The method of Twu [1985] is quite suitable for estimating the viscosity of either real boiling fractions or pseudcomponents. The
problem which then arises is how to calculate the viscosity of a mixture of these components. A number of mixing rules have been
proposed. For defined mixtures, Tsonopoulos et al. [1987] suggest:

where is the dynamic viscosity, n r. Mehrotra et al. [1989] suggested the following weighted mean for viscosity of mixtures of Cold
Lake fractions:

Thermal Conductivity
Several methods based on corresponding states have been proposed for estimating the thermal conductivity of pure components [Reid
et al., 1987], but these methods are difficult to apply to petroleum fractions. In light of the poor quality of the available data,
Tsonopoulos et al. [1987] recommended using the API method for engineering design [API, 1983]:
Page 79
where T is in F and thermal conductivity is in BTU/(h ft F). For liquid mixtures, the thermal conductivity is given by

Here fi is a volumetric fraction calculated from the mol fraction of component i, xi, and the molar volume, vi.
The diffisivity of components in petroleum and residue fractions is mainly of interest in mass transfer and catalysis calculations. A
widely used correlation for diffusivity in liquids at infinite dilution is the WilkeChang equation [Reid et al., 1987]:

where is the diffusivity of solute A in solvent B at infinite dilution (cm2/s), B and MB are the solvent viscosity (cP) and molecular
weight respectively, temperature T is in K, and VA is the molar volume of the solute at its normal boiling point, cm3/mol. y is an
association factor, which has a value of 1.0 for oils. Alternative methods are more accurate if the parachors of the solute and solvent are
known accurately [Reid et al., 1987]. Given the uncertainty in estimating the surface tension for petroleum fractions (section 2.10),
these methods are unlikely to be better than WilkeChang.
a, A empirical coefficients
b, B, c empirical coefficients
C carbon number
Page 80
CP heat capacity, BTU/(lbR)
CF empirical coefficient
D empirical coefficient
diffusivity of A in B at infinite dilution, cm2/s
f, F empirical coefficients
H enthalpy, kJ/kmol or BTU/lb
kT thermal conductivity, BTU/(hrftR)
K w Watson characterization factor
M, MW molecular weight, Da
n number of components
P pressure, kPa, psia or atm
P* parachor
q arbitrary independent variable
R gas constant
S entropy, kJ/(kmolK) or BTU/(lbR)
SG specific gravity at 15C, relative to water
T temperature in C, F, K or R
v, V molar volume, cm3/mol or m3/kmol
v i volume fraction
xi mol fraction
x empirical coefficient in equations 2.33a, 2.52a, 2.53a
X empirical coefficient
z, Z compressibility
a empirical coefficient
dij binary interaction parameter
d1, d2 Hildebrand solubility parameters
q empirical coefficient
k empirical coefficient
dynamic viscosity, mPa s or cP
n kinematic viscosity, cSt
s surface tension, dynes/cm
f volumetric fraction in equation 2.63
y empirical coefficient
w acentric factor
b boiling condition
Page 81
c critical
G vapor phase
i, jcounters
L liquid phase
m molecular weight or mixture
p pressure
r reduced conditions
satsaturation conditions
T temperature
v volume
IDideal gas
o reference compound (nalkane) or reference temperature or

Further Reading
American Petroleum Institute Technical Data Book Petroleum Refining, API, Washington DC, 1983.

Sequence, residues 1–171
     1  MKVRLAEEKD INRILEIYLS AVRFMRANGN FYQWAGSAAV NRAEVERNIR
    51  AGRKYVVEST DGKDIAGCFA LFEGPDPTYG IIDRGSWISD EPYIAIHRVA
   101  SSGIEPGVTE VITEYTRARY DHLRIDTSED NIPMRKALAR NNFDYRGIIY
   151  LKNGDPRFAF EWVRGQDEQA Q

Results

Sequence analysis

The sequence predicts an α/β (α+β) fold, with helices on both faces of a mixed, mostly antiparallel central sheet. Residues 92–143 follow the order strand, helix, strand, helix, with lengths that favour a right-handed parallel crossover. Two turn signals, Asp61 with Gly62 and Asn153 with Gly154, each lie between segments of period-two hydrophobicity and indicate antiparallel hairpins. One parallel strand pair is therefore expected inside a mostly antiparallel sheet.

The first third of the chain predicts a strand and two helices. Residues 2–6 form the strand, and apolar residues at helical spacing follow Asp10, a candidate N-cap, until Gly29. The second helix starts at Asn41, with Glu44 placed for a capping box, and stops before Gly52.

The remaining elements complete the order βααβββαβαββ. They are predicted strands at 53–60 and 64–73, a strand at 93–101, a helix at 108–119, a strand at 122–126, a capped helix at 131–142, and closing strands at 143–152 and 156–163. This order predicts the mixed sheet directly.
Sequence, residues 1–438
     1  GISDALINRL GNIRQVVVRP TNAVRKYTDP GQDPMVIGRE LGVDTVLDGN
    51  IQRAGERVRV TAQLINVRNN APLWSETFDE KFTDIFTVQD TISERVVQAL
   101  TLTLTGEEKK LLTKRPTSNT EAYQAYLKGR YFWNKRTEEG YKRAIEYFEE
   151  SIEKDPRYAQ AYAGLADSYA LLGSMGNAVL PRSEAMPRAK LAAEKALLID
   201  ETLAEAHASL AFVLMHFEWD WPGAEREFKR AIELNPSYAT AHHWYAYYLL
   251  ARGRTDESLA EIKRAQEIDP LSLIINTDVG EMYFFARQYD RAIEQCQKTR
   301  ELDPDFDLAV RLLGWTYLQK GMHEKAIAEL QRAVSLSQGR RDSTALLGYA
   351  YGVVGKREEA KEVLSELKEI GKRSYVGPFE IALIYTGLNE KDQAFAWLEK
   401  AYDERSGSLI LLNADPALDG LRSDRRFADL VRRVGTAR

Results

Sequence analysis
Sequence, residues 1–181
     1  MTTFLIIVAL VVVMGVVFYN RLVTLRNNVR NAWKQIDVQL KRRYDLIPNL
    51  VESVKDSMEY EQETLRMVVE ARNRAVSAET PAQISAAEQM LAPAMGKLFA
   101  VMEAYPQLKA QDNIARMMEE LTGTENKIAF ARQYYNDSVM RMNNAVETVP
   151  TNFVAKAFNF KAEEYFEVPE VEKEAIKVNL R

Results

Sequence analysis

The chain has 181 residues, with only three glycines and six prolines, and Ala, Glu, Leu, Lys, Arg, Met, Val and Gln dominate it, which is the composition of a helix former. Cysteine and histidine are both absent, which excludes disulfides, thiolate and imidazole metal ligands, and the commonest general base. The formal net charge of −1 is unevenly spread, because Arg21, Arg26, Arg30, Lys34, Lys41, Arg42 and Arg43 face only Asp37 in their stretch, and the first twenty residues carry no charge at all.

Annual Book of ASTM Standards, Volume 05, Petroleum Products and Lubricants, 1990.
Lu, B. C.Y.; Fu, C.T. "Phase equilibria and PVT properties", in AOSTRA Technical Handbook on Oil Sands, Bitumens, and Heavy
Oils, L. C. Hepler and C. Hsi, eds., AOSTRA, Edmonton, 1989, pp 129.
Pedersen, K. S.; Thomassen, P.; Fredenslund, A. "Thermodynamics of petroleum mixtures containing heavy hydrocarbons. 1. Phase
envelope calculations by use of the SoaveRedlich Kwong equation of state", Ind. Eng. Chem. Process Des. Dev. 1984, 23, 163170.
Walas, S. M. Phase Equilibrium in Chemical Engineering, Butterworth, Stoneham, MA, 1985.
2.1 The following TBP data are available from distillation of a hydrotreated coker gas oil:
Page 82
Max. B. P. Wt% Density
Cut #
of Cut, C in Cut of Cut,
1 239 7.60 0.831
2 292 12.91 0.873
3 331 13.10 0.904
4 363 13.62 0.925
5 383 13.80 0.943
6 440 14.07 0.955
7 481 16.29 0.970
8 >481 8.60 nd

a) What would the 50% point of the oil be? (i.e. the temperature where 50% would be distilled off)
b) Calculate the weight average boiling point, the volume average boiling point, and the mean average boiling point.
2.2 For fraction # 5 in the oil from Problem 2.1, calculate the critical temperature, critical pressure, molecular weight, and acentric
2.3 Estimate the equilibrium flash vaporization curve for the oil in Problem 2.1 at 10 MPa. Repeat the calculation for a mixture of the
oil with hydrogen gas, at a ratio of 2000 SCF/bbl. (SCF = standard cubic feet).
Page 83

Chapter 3
Chemistry of Upgrading and Hydrotreating Reactions
Overall Objectives of Primary Upgrading
Given the composition of the residues, and the specifications for synthetic crude oils and petroleum fractions, the general chemical
objectives of upgrading processes are easily defined:
1. Convert highmolecular weight residue components to distillates, i.e. compounds with a boiling point below 525C. This conversion
requires breakage of the carboncarbon and carbonsulfur bonds in the residue fraction.
2. Improve the H/C ratio of the distillate products, moving from 1.5 in the feed toward 1.8 mol/mol as suitable for transportation fuels.
Note that a high H/C ratio is most desirable in the middle distillates for diesel and jet fuels. These fractions must be highly aliphatic in
order to give appropriate ignition in diesel engines (i.e. the cetane number) and to minimize smoke production. In the gasoline fraction,